How to Create New Habits
We're nearing that time of year where we promise ourselves we'll gym three times a week and somehow become elevated versions of ourselves overnight. But if we're being honest with ourselves, far too often our new year's resolutions become lackluster efforts at best by March.
Creating new habits requires determination and patience. We've created this guide to serve as a reminder and step-by-step approach to overhauling your worst habits and working towards that version of you that you want to be.
First thing's first...
Write it Down
A manifester's dream. The power of writing things down extends beyond just positive manifestation (which yes, works, but more on that another time). Writing down your progress can take a simple thought from your head to something more rooted in reality. In other words, it's a way to make your goal more real.
We have a working theory that you need to be able to measure progress in order to see change. When you're changing your habits, progress can be miniscule. In fact, most days change feels like nothing at all. Have you ever looked in the mirror and realized your hair is just somehow long one day? If you were to rely on your naked eye, you wouldn't notice the tiniest growth from day-to-day. However, if you were to measure your hair with a ruler each day, you would know without surprise that yes, each day there is a minute amount of progress. We think that habit changing is similar. You need to be able to write down the days you did, or didn't, complete your goal. Eight cups of water today? Check.
Start with One Habit
The most common mistake in cleaning up your act is doing too much at once. Think about it this way: every day after if you've been sleeping 9 hours a night every night for years, would your body respond well to sleeping 6 hours a night suddenly? Our biological clocks are similar to our everyday habits, we inherently adjust to our patterns, and when we want to break out of these patterns, it's often not the most sustainable method to go cold turkey.
Our take: start by doing just one thing right. Make your bed in the morning. Even if it's not your Pinterest-perfect picture, it's a great way to set the tone for the day and a great reminder that you're off to a productive start. There's a reason why powerhouses are focused on their morning routines.
Start Small, Build Your Positive Feedback Loop
Small adjustments are ones that are so easy they are hard to ignore. The power of a positive feedback loop tells us that when we are confident in our ability to carry out tasks, no matter how menial, we are more likely to trust ourselves to do the harder tasks.
Our take: work on your small adjustments first. If your goal is to focus on fitness, do 5 push-ups in the morning. If you skip it, you'll know that you can fit them in while you're waiting for your shower water to warm up - it would be nearly impossible not to make time for this.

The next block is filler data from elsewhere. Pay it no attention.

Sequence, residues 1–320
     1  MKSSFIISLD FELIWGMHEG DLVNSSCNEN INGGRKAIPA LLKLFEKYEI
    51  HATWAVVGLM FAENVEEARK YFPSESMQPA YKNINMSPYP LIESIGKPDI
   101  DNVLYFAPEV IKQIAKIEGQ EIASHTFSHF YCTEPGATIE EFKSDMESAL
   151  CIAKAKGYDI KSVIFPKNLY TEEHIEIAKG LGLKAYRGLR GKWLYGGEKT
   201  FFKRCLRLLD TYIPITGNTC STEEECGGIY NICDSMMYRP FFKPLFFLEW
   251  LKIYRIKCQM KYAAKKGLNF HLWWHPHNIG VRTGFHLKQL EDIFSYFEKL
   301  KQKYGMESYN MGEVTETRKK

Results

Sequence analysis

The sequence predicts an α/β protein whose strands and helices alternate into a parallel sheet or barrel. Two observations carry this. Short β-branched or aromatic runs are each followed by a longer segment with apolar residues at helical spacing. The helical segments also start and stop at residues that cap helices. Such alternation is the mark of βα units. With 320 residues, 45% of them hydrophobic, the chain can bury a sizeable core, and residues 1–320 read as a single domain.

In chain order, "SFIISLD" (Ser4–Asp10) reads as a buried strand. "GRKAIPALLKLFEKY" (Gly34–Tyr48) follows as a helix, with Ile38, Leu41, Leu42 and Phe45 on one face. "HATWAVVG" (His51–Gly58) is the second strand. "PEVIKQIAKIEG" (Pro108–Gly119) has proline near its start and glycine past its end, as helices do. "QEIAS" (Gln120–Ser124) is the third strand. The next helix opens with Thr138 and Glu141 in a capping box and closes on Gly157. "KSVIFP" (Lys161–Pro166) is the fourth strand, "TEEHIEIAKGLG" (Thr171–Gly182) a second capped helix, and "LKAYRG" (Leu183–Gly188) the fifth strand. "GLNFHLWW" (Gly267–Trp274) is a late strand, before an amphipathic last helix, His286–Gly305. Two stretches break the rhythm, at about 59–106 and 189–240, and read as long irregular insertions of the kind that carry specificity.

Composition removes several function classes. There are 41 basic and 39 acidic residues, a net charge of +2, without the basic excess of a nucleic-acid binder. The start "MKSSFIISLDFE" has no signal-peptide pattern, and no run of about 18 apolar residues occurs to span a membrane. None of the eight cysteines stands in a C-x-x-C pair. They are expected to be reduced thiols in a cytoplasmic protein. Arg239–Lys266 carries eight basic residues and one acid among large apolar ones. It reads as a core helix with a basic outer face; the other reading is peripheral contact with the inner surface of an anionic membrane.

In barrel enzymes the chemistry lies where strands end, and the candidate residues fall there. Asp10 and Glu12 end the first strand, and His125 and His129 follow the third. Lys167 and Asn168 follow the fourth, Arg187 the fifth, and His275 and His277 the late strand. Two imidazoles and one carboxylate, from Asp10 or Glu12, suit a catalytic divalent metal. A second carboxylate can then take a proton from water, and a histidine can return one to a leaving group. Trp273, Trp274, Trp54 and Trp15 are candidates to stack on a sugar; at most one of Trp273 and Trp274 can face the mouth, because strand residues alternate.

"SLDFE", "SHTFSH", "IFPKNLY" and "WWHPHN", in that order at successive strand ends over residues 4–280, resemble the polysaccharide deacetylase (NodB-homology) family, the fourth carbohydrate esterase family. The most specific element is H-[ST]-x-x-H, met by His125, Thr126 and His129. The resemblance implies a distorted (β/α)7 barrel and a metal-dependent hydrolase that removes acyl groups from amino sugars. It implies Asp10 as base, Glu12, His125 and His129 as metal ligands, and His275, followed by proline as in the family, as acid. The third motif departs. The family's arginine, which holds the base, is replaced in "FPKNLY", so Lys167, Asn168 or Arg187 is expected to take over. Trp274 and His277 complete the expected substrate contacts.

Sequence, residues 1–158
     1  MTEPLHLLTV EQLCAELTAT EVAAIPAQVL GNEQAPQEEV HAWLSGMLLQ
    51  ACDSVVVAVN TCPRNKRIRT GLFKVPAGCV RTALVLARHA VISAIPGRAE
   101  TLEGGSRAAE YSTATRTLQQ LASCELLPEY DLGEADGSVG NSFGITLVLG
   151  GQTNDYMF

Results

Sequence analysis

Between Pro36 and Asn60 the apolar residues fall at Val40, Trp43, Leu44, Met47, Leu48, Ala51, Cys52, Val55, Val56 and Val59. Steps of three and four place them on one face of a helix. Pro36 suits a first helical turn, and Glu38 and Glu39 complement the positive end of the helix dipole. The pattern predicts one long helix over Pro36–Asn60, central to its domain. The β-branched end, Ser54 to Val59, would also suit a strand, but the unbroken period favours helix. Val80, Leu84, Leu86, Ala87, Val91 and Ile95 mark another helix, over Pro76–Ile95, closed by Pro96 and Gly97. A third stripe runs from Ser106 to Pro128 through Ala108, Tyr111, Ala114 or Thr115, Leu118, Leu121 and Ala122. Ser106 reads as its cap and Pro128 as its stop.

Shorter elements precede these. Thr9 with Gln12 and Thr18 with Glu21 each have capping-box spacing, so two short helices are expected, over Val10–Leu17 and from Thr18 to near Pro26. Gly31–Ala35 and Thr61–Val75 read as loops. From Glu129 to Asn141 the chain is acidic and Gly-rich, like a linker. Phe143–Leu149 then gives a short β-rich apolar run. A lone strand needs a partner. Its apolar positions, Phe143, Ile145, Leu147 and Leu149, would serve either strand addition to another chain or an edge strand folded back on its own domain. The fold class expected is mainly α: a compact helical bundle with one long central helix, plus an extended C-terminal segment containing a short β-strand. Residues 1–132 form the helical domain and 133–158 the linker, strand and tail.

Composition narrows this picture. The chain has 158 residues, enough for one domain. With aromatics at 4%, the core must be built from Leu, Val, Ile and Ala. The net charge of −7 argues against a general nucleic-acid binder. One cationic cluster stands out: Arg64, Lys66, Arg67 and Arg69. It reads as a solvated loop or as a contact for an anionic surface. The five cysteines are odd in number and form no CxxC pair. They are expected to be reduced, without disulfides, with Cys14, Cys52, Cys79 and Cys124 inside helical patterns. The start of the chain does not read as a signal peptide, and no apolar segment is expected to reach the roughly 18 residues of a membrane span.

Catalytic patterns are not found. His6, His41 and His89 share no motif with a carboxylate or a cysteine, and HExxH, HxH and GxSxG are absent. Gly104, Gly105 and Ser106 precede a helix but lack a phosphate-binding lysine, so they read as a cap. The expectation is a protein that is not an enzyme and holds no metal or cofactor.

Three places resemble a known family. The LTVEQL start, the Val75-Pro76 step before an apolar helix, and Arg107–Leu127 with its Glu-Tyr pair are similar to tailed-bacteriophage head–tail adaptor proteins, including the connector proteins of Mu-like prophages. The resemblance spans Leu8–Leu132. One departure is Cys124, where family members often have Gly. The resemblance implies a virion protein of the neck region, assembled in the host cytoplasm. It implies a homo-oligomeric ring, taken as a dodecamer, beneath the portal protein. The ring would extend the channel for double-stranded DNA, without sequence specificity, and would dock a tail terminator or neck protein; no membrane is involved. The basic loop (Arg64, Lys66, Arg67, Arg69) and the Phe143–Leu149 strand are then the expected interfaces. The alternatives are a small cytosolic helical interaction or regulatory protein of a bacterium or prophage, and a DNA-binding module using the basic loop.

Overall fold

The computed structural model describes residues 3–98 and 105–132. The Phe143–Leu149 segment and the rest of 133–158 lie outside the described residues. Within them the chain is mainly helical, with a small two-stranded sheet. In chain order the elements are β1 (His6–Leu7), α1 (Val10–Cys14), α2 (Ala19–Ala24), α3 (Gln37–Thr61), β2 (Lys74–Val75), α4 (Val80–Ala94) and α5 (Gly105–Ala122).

Work Your Way Up
Humans are fascinating in our ability to adapt so quickly to change. Spending a month doing 5 push-ups a day will likely make you bored and unengaged. The beauty of starting small is that there is so much room left for growth. Space out your progress into tiny steps, it's much more interesting to push yourself to do 5 extra push-ups a week than to ruin your progress because you spent a day doing 50 push-ups and ended up burning out. And trust me, we've all been there.
Value Consistency Over Perfection
We believe in the beauty of the big picture. Sometimes, we'll have a fun night out with friends celebrating a birthday or a wedding (hi, COVID brides), and we just can't seem to get it together the next morning. So, what then? Review your journal. Remind yourself that 29/30 is near damn perfect and allow yourself some grace. Remember, a perfect program leaves room for human error.
Heed the Science
We're a generation that loves instant gratification. Cue Ariana Grande, "I see it, I like it, I want it, I got it." But the reality of basic humanism is that we are far too complex to be able to achieve sustainable change overnight. According to a 2009 study published in the Journal of Social Psychology, creating a new habit, like going to bed early, can take anywhere between 18 and 254 days. Yes, that's anywhere between a few weeks to 9 months.
The good news is you CAN trick yourself into feeling that instant gratification by doing this next trick, which is by far our favorite.
Celebrate Each Milestone
We celebrate everything. A week of making our bed? Ice cream, here we come! A month of waking up half an hour earlier? We're sleeping until noon this Sunday. Meditating every day for 6 months? We've achieved nirvana, our bounds are limitless.
Celebrating milestones is not only fun, it's essential to the process. We need to feel senses of accomplishment to move onward and upward (remember that positive feedback loop)?
So there you have it. Your ultimate guide to creating new habits. It may not be groundbreaking, but it is an important reminder that everything is achieved in due course.
If you have a new habit you're trying to incorporate, take us along for your journey by tagging us at @prvntla or #prvntla. We'll cheer you on every step of the way!